RENO - Nevada State Athletic Commission executive director Keith Kizer said Tuesday that Reno middleweight Joey Gilbert's B sample tested positive for the steroid Stanozolol metabolite and that the commission would seek a Jan. 24 agenda hearing on the matter.
The 31-year-old Gilbert, 16-1 with 12 knockouts, has been on temporary suspension since his one-round knockout over Charles Howe Sept. 21 at Grand Sierra Resort.
In pre- and post-fight urinalyses, Gilbert originally tested positive for six banned substances - methamphetamine, amphetamine, Stanozolol metabolite, noriazepam, oxazepam and temazepam.
The A sample was tested and re-tested by Quest Diagnostics. Subsequent evaluations of Gilbert's B sample were conducted at the Center for Human Toxicology at the University Utah, and he tested negative for methamphetamine. The Nevada attorney general and the commission subsequently dropped their pursuit of the charge.
Gilbert's case has turned out to be as simple and as complex as can be. On one hand, Kizer said, the commission is only concerning itself with the presence of the five banned substances in Gilbert's system, not with how they got in his system, whether it was knowingly or unknowingly.
Kizer said the commission is also concerned that this was the second time that Gilbert tested positive for amphetamine, noriazepam, oxazepam and temazepam.
Gilbert initially tested positive for the substances after stopping Juan Astorga in 10 rounds May 12 at Reno Events Center and was subsequently warned not to ingest the drugs before or during a fight.
Gilbert, who rose as high as No. 4 in the WBO, was stripped of his WBO-affiliated North American Boxing Organization middleweight title Dec. 18 because he was unable to defend the belt every four months.
It is not known if Gilbert will also be stripped of his WBC-affiliated United States National Boxing Championship (WBC USNBC) belt.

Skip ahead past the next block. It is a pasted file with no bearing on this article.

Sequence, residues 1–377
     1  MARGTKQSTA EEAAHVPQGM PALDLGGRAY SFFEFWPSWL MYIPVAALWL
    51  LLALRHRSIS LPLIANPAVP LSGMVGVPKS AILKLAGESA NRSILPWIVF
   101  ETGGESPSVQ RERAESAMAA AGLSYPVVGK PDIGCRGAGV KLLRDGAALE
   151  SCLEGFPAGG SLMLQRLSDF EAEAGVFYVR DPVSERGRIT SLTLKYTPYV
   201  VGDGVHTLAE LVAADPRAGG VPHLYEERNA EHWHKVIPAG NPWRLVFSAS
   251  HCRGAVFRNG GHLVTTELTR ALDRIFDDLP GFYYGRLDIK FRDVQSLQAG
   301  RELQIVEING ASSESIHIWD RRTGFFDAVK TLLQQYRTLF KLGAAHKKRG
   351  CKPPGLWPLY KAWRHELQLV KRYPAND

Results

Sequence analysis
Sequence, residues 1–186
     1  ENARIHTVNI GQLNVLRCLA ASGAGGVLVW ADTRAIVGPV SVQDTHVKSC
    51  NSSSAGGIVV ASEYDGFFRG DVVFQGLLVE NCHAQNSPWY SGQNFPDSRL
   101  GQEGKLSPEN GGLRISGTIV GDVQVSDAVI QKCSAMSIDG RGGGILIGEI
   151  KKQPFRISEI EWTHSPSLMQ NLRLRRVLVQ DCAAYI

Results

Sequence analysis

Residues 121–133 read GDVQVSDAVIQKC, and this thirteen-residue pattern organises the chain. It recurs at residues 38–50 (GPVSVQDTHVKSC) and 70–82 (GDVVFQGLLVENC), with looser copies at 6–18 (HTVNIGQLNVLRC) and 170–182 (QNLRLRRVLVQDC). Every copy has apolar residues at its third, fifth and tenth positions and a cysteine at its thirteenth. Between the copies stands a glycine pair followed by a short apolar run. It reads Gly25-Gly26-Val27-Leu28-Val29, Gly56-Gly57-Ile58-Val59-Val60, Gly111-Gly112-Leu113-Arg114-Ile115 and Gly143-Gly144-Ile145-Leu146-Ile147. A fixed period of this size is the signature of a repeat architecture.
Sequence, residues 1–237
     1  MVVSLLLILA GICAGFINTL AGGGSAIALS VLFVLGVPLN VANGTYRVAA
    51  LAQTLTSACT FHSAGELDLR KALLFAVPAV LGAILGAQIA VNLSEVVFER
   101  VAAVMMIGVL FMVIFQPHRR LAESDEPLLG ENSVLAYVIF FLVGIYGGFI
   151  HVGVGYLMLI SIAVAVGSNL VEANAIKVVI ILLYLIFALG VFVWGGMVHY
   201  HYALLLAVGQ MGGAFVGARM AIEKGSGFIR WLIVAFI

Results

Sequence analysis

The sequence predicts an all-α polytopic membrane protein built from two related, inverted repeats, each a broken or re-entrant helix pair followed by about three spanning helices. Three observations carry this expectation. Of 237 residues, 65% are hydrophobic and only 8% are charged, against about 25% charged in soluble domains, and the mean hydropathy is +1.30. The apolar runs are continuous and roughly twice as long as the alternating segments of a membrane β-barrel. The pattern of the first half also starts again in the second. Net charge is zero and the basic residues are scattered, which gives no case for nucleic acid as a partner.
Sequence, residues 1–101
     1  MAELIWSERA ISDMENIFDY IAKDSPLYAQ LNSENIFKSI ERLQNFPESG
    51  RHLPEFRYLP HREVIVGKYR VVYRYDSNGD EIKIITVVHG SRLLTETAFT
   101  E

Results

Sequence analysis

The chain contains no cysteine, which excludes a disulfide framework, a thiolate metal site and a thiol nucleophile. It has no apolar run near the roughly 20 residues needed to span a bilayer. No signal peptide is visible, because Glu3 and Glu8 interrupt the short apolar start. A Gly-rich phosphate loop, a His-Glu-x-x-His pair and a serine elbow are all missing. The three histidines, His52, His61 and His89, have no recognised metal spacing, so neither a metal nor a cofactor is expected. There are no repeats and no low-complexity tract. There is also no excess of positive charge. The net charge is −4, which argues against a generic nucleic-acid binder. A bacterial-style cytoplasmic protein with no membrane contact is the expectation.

Gilbert also tested positive for Stanozolol metabolite in an independent test conducted Oct. 5 by Quest Diagnostics. He has consistently denied taking any illegal drugs and has submitted a hair sample and a polygraph examination to the commission in support of his contentions.
Reno's Richard Putnam, of Applied Polygraphics, conducted the polygraph test Oct. 18-19 and said that, in his opinion, Gilbert was being truthful when he said he had never "knowingly taken steroids or methamphetamine."
Putnam said the Washoe County Public Defender's Office subsequently concurred with his conclusion.
Gilbert's attorney - Reno's Mark Schopper - has maintained that his client's reputation has been irreparably damaged by the commission's original public disclosure that Gilbert had tested positive for methamphetamine.
"Kizer also said Joey tested positive for methamphetamine, which we now know is false," Schopper said Tuesday. "As far as prescription medications, not only did the commission know he was on them (at one time), he didn't take them before or during the fight."
In addition to taking over 70 over-the-counter supplements, Gilbert admitted to taking the presciption drug Valium for sleep and a stimulant to treat Attention Deficit Disorder/Hyperactivity Disorder.
Kizer has said that the Valium would account for positive tests for noriazepam, oxazepam and temazepam, but that wouldn't excuse Gilbert taking the drug before a fight after being warned by the commission not to.
Schopper said he would ask for a continuance before the proposed Jan. 24 hearing.
Kizer said Schopper would have to submit the request in writing and that the commission would likely grant a continuance until around the third week in February.
Schopper said there is a host of problems with Quest's testing procedures as well as what he characterized as a lack of protocol by the commission.
"It's difficult to prepare for a January hearing when I've requested commission testing procedures and they say they don't have any," Schopper said. "That's amazing to me, because every professional sporting body that oversees professional sports has a testing procedure except for the Nevada State Athletic Commission, which oversees the Fight Capital of the World (Las Vegas)."
Schopper said he requested in writing the commission's protocol, but that it left it to an outside entity - Quest - to define what constitutes a positive test. Schopper has said Quest has yet to answer that question in writing.
"The executive director (Kizer) has already convicted Joey in the media on tests for which the commission has no protocols and continues to say Joey tested positive, but refuses to provide me with what the cutoffs (for positive tests) are," Schopper said. "If it's as they say - that they care about fighters, the commission will put protocols in place."
Kizer said the five-member commission could decide on a wide spectrum of responses during the forthcoming hearing, all the way from no further suspension or fine all the way to an indefinite revocation of Gilbert's boxing license.
"We want to appear before the commission to present the evidence as well as any mitigating factors," Schopper said. "We have problems with Quest's protocols and want to reach the truth."